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We are moving to VS2010 and TFS from VS2008.

Presently we have a solution that has a dozen or so projects that are built into DLLs and then put in the GAC as well as 3 website projects in this solution that are built that use these DLLs that are put into the GAC.

In VS2008 we have post build events that use gacutil to register them and this all worked great on local developer machines however it doesn't work with TFS and the Build agents. I had to remove this post build event.

The issue now is the websites won't build because the DLLs are not in the GAC on the build machine where the agent is doing the building.

I tried referenceing the projects in VS2010 from the websites but this simiply removes the assembly references from the web.configs and then copies the dlls to the bin folder when it's built/published which is not what we want.

These DLLs will be in the GAC in production and the 3 websites all use them so we don't want them in the BIN folders.

We have third party DLLs as well that will go in the GAC that are used in all 3 websites as well.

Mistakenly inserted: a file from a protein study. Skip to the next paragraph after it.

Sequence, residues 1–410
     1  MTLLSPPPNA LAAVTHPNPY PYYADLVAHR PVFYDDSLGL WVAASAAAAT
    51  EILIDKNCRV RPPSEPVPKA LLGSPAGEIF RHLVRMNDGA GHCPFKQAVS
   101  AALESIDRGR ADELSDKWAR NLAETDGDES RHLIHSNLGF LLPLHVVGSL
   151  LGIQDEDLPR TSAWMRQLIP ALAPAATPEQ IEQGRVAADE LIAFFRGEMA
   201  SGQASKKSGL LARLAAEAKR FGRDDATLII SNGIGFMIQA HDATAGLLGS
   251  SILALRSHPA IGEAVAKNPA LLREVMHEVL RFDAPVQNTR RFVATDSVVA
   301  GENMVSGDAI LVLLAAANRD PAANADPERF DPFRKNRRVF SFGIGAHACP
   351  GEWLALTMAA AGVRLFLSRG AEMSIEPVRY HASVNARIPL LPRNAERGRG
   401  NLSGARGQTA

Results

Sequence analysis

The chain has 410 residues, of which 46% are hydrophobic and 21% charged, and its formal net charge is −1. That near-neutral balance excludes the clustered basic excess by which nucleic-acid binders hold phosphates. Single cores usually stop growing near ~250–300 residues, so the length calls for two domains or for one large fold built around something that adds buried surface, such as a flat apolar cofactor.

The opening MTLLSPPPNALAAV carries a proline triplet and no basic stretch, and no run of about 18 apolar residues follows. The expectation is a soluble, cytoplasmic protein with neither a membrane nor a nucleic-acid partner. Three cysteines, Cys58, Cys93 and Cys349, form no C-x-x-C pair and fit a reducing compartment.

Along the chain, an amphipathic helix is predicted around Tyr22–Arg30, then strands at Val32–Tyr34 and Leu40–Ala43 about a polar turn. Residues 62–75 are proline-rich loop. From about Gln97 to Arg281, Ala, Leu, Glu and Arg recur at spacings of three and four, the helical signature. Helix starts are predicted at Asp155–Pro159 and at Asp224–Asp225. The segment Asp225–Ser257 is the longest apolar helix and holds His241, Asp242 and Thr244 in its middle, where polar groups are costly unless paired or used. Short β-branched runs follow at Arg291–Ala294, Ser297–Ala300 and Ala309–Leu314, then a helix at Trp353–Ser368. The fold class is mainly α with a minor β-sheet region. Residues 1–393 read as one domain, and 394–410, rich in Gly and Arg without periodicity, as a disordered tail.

What is the proper way to get this to work in VS2010 and TFS?

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2 Answers 2

Installing the DLLs into the GAC can be a real pain with version management and deployment. Try creating a "Lib" folder to keep all the third party DLLs. We do this in our work and works fine. This won't be a problem with XCopy deployment as well. See help with TFS and referenced DLLs for more details.

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To register a DLL into the GAC you need admin level privileges, which is by default not the case of you Team Build Service account. That's the reason why it fails.

You have then two choices:

  1. Put admin privileges to the Build Account for you GACTUtil to succeed.
  2. Change your Visual Studio projects that reference the DLLs that were supposed to be in the GAC to a specific location you'll deploy them (e.g a ThirdParties folder for third parties DLL, and another one for your own DLLs) in debug/testing configurations, keep the GAC reference in release.

Some people will tell you that 1. sucks because you're not supposed to give admin level to the account, because it's bad.

Some people will tell you that 2. sucks because things get over complicated and that you won't test things the way they actually ship.

My advice is go for 1. because: - It's easy to do - You don't break your current architecture - Admin level to the service won't be that bad a risk, really...

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